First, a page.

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Health: Dos and don'ts to practise yoga the correct way

Updated on: 16 June,2015 08:25 AM IST  | 
Suprita Mitter |

As all of India appears to be gearing for June 21, it's vital to realise that yoga needs to be practised correctly, especially if it's a first-time attempt. the guide invited some of Mumbai's most trusted yoga experts to share dos and don'ts to help ensure a glitch-free experience

Health: Dos and don'ts to practise yoga the correct way



Yoga is a popular activity for athletes, children, and seniors, and can be modified to suit all levels of fitness. It has been proven to lower blood pressure and increase strength and flexibility.


Yoga energises our bodies and calms our minds and is all about creating balance in the body through developing both strength and flexibility. This is done through the performance of poses or postures, each of which has specific physical benefits.

Shammi Gupta performing the Vishwamitra Asan is beneficial for strength building and muscle building

>> Never work out on a heavy stomach
>> Yoga is best done two hours after breakfast and four hours after lunch
>> When you start following the workouts there is a possibility that you may initially feel a certain amount of dizziness. This is common among people who do not exercise regularly. This happens due to the toxins that are eliminated from the body in the form of sweat your body will get use to this its normal.
>> Drink at least four to five litres of water in a day.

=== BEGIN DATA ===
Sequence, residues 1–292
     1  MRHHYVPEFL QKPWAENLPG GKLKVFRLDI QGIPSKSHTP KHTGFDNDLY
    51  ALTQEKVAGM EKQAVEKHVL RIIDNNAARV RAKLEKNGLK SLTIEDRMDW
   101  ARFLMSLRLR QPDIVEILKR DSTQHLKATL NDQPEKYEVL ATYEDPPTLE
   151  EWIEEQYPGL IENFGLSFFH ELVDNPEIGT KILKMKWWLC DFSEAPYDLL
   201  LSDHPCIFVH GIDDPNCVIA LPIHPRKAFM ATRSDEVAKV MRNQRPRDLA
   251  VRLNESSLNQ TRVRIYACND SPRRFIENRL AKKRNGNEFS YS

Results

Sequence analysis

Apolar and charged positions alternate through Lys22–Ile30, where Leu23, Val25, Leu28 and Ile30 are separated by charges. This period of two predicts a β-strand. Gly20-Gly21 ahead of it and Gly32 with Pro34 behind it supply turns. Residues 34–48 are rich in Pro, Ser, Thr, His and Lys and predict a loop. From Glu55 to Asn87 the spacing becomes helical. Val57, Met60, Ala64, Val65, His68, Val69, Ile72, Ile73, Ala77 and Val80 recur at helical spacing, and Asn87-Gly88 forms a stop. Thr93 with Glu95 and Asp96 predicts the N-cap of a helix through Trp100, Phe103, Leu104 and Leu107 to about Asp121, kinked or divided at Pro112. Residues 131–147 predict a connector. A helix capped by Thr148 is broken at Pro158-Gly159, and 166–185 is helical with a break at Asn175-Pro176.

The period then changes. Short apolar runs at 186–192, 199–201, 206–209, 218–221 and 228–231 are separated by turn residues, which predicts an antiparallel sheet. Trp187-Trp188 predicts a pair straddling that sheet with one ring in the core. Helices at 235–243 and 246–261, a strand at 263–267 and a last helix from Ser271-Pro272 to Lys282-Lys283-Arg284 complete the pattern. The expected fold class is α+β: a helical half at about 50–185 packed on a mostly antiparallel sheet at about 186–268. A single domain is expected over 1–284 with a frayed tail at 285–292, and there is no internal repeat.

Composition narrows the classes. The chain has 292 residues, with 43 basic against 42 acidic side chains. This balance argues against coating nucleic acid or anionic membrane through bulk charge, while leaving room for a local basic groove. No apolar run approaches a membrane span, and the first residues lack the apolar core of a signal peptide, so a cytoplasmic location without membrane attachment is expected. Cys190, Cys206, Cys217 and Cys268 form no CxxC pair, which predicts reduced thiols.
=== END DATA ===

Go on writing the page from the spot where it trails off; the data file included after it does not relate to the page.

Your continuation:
>> There should be a break of at least 10 seconds between each asana in the sequence
>> Stretch before and after the exercises, even if for a few minutes.
>> Never overstretch the body while doing any asana and do it with absolute ease, focusing on your breathing.
>> After any workout, maintain a gap of 45 minutes before a meal or any food.

Payal Gidwani Tiwari performs the  Dhanurasana, beneficial for back aches
Payal Gidwani Tiwari performs the  Dhanurasana, beneficial for back aches

>> Children
When practiced from a young age, it helps one become agile both mentally and physically, improves concentration, focus, and stamina and also alters one's persona. It is very important for school children to practice yoga and make it part of their lives. But it is also very important to guide them and ensure that they are doing every asana correctly. One of the most important aspects of yoga is conscious breathing. While performing every asana one needs to keep this in mind. This is something school children need to be taught about yoga. Kids are very flexible and fearless about falling, so their poses must be dynamic and exciting. But it needs a very strong asana-oriented teacher. Kids must not do static poses for too long, especially those below eight years, because their muscles are still developing. Also, breath-retention is not advisable.